Wednesday, 7 October 2015
Finders Keepers, Lovers Weepers (4 Stars)
"He's a man, isn't he? They all have problems".
This is the 11th film in the Russ Meyer Collection, made in 1968. It was Russ's first attempt at making a thriller, and he succeeded admirably. I have no idea what the reason for the film's title is. It sounds cool, but it has no relevance whatsoever.
Paul Lockwood owns a successful strip club in Los Angeles. In a role reversal to Russ's previous film, "Good morning and goodbye", Paul is a sexual stud while his wife Kelly has no interest in sex. He satisfies his sexual appetite by visiting brothels, but even that isn't enough for him. In the film we see him having sex with two prostitutes, then going home and raping his wife.
The film's main action concerns a robbery. Two men break into the club to steal the money. Paul, his wife and an employee are taken prisoner.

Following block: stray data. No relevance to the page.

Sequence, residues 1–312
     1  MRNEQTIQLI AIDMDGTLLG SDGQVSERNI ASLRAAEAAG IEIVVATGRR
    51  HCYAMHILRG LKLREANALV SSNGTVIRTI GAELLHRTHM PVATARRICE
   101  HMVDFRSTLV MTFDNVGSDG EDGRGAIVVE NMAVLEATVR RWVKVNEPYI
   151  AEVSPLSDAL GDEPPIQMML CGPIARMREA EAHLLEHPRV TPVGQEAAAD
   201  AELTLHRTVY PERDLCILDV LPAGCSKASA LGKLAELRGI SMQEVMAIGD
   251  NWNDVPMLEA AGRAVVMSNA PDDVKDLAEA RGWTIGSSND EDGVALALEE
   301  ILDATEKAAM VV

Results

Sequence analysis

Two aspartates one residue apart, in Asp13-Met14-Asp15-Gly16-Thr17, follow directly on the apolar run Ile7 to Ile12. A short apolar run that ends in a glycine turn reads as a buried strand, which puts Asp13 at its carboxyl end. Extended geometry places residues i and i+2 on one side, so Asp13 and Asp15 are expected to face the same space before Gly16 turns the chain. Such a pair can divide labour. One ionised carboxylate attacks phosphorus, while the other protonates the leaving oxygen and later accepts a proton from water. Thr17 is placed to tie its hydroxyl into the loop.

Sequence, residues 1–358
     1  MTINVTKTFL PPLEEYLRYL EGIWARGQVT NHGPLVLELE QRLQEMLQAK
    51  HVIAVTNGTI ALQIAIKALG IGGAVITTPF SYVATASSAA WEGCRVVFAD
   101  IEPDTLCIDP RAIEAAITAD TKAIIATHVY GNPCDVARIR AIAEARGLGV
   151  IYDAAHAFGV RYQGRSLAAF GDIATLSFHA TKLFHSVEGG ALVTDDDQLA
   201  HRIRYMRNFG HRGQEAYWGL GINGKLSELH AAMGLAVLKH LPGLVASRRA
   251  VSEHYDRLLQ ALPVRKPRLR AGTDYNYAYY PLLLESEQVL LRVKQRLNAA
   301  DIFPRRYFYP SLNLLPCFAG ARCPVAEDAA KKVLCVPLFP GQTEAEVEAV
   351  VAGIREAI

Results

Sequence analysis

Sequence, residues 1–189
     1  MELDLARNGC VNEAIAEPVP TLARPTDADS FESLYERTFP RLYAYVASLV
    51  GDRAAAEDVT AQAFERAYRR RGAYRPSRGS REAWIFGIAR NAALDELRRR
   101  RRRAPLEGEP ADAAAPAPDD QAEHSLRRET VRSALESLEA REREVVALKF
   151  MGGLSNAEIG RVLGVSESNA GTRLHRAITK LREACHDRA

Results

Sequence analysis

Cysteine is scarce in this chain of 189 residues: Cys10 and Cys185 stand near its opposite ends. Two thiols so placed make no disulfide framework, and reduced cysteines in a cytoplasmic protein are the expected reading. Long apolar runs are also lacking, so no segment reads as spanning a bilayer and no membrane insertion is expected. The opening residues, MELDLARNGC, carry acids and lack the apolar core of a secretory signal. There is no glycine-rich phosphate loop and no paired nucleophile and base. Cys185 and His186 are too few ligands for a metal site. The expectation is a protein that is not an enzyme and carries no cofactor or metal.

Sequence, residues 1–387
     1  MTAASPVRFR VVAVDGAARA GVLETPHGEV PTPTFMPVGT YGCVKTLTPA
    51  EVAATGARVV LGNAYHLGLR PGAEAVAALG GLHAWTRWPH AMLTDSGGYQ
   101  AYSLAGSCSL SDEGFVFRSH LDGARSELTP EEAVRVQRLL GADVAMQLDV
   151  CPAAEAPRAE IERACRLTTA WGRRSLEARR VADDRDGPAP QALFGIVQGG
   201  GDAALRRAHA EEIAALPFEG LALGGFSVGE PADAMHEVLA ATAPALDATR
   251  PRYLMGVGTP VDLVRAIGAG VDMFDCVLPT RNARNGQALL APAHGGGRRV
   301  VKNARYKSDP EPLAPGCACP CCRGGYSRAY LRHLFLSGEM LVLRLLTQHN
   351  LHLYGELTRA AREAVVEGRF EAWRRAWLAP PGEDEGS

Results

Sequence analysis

If I remember correctly, this was the last film in Russ Meyer's career that wasn't a moral fable. Maybe the moral lessons are there, but they're not pushed at us with long speeches and Bible quotes like they are in his other films. We still have lashings of religion though. In a bizarre scene the prostitute Christiana first explains the religious significance of the Karma Sutra to Paul, then she talks about Mennonite clothing while shaving his pubic hair with a cutthroat razor.
The men in the film are all unpleasant. None of them have any likeable qualities. They're all violent and abusive to women. Even Paul's employee Ray, who first comforts Kelly, insisting like all good men that he likes her mind not her body, becomes aggressive when she turns down his advances. The women in the film are all kind and loving, even the frigid Kelly.